Who We Are

Lazer Enterprizes Inc., (Lazer) and G Double Bar Farms Ltd. (GDBF) are privately held Saskatchewan Companies based in the Borden, Saskatchewan area. These are family businesses and the ownership structure is all in the family.  Lazer’s business is primarily crop production supported by a small biodiesel plant and an aggregate operation.  GDBF (G Double Bar Farms Ltd.) has a commercial cattle operation with predominantly Angus breeding, both red and black.

The Walker Family Farm, Since 1904: Five Generations in Canada.

 George Caleb Walker arrived in Canada from Bridgenorth, Shropshire, England in 1903 and filed a homestead claim about 60 miles NW of Saskatoon in 1904. Because he was unmarried and younger than many homesteaders, George had last choice in land. While others took the open prairie that did not need as much bush clearing, George Caleb broke the home quarter with 6 black oxen harnessed to a single furrow plow. In 1913 he married his neighbour’s sister, Emily Piprell, from Cardiff, South Wales. They had 7 children in 7 years and as soon as they were able, all family members pitched in with farm and garden chores.  Just before the Dirty Thirties, George borrowed money to build a house for his large family.  It nearly cost them the farm.  The eldest children left to earn money elsewhere - Ontario, England, The Guernsey Islands. Then WWII shook the country - no communication from those abroad who were now POW’s, others enlisted in the forces and were sent overseas, but there were a few family, members classified as ‘essential workers’ left behind to continue producing food for the nation.   






Farm life was a struggle, yet there seemed to always be a way to survive.  After the war, George’s son Arthur eventually took over, increasing the crop acres, the cattle herd, pigs and chickens - a truly typical mixed farm.  The third generation had now appeared,  but Arthur had a debilitating heart attack at age 46.  Again, keeping the family farm was at stake.  Arthur’s wife, Helen, went back to teaching in a small 2 room school in order to pay the mortgage.  Then, when finished high school at age 16, Arthur's oldest son Darrel decided to stay home and farm full time. A few years later, the fourth generation came along and grew up enjoying the dynamics of three generations working, living and playing together on the  homestead.  As this generation reached adulthood in the early 2000's, several years of drought, followed by the BSE crisis hit the Saskatchewan farming industry hard, and the Walker's were not spared the consequences. The family pooled resources and labour with the hopes of being able to continue farming. It was not a pretty picture, but again, focus, determination and hard work would pay off.  All through the ups and downs, faith and family were an important part of the equation -something that becomes more difficult to keep in mind as the ‘family farm’ transformed into several stand alone businesses, each requiring more time, unique management expertise and work skill sets.  The goal is to still run it as a family business, where integrity, honesty and reputation are all important parts of the equation.  In this global, wired world, which often feels impersonal, it is a challenge indeed.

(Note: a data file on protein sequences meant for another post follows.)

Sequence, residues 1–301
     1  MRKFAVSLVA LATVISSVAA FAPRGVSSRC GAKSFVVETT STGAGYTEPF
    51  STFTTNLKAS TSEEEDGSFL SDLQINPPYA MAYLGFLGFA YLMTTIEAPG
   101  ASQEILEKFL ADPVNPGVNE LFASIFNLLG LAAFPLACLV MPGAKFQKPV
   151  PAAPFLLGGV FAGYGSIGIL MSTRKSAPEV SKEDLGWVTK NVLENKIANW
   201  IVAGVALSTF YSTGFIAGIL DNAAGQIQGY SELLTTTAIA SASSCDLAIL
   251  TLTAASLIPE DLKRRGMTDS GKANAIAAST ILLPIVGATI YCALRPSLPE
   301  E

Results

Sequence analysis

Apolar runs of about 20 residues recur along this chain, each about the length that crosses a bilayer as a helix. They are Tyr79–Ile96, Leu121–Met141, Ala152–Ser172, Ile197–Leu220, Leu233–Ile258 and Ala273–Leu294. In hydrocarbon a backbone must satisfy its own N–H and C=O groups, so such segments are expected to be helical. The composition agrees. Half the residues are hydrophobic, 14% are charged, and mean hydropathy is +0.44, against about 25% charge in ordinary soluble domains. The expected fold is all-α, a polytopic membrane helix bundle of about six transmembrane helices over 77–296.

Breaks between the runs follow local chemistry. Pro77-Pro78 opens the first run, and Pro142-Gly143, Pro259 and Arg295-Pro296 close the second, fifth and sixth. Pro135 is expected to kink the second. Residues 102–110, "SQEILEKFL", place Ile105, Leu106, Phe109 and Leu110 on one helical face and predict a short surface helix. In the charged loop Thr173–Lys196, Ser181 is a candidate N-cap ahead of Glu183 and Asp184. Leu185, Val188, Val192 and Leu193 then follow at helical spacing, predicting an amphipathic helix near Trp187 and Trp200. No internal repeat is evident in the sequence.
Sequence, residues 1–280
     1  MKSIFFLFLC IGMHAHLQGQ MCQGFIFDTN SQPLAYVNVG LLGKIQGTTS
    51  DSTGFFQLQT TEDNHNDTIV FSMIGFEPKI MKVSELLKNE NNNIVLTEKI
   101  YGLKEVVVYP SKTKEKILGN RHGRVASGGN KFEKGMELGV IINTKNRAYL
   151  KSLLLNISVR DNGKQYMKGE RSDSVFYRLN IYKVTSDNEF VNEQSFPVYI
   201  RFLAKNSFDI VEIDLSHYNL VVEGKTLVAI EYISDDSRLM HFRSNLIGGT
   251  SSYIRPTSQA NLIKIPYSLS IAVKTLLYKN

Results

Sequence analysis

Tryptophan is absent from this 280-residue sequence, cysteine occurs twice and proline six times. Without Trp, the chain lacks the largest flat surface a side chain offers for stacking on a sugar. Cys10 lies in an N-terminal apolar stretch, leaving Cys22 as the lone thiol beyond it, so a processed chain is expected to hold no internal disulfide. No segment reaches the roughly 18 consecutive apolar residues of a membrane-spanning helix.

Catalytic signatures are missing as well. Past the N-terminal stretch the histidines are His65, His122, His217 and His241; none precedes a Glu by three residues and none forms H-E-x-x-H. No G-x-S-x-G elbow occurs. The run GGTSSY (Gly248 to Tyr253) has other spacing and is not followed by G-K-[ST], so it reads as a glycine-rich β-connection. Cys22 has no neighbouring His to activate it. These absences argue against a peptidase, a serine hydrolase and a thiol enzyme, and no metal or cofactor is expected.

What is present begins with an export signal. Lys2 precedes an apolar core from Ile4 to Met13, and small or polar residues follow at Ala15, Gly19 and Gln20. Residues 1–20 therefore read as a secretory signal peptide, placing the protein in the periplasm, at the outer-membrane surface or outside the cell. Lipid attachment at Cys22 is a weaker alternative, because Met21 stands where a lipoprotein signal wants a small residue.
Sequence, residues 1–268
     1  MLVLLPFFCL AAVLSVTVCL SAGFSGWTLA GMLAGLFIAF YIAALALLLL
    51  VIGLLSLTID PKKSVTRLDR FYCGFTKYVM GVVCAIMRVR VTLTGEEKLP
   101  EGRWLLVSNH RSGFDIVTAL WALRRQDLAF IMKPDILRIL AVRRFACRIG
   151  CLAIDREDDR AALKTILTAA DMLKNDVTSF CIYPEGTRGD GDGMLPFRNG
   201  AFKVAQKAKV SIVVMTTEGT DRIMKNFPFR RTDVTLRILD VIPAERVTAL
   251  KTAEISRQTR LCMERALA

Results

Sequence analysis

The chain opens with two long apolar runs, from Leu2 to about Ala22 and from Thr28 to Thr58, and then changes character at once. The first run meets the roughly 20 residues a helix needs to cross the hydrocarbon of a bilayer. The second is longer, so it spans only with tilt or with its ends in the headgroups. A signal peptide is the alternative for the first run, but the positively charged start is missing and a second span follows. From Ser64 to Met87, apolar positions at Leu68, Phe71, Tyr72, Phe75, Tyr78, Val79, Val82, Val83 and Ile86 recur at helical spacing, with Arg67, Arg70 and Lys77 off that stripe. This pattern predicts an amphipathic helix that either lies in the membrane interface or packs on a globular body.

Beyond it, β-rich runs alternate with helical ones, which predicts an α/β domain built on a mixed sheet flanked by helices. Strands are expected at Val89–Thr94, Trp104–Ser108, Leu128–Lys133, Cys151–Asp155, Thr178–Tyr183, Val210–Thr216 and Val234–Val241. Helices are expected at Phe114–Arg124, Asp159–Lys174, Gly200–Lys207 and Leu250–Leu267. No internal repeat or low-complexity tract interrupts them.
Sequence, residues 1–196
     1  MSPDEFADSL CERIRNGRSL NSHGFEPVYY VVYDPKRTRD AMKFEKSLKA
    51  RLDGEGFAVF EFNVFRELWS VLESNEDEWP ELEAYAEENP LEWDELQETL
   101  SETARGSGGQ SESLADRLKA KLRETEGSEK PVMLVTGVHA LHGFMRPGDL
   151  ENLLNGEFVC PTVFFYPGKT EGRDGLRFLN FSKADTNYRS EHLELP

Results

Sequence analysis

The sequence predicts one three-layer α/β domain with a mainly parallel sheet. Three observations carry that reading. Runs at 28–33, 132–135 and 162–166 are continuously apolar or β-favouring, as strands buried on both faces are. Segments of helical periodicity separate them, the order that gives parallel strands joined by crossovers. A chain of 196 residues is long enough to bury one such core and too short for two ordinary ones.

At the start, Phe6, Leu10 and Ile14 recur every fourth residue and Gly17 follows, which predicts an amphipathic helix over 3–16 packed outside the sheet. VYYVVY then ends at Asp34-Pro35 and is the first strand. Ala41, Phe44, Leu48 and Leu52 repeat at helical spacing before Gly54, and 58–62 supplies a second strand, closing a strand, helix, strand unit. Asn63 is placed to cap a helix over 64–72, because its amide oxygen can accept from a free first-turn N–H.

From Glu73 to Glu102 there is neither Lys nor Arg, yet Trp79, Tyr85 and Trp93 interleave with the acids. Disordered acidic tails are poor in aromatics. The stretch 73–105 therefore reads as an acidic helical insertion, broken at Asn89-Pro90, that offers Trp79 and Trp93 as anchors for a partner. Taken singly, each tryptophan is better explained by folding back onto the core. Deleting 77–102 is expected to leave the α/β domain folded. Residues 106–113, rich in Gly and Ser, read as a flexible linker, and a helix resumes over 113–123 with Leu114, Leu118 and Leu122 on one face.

The Walker Group of Companies is now a robust industry diversified over several operations. Grain and cattle still form a solid backbone, but the Walkers have created several value added ventures to compliment their core business.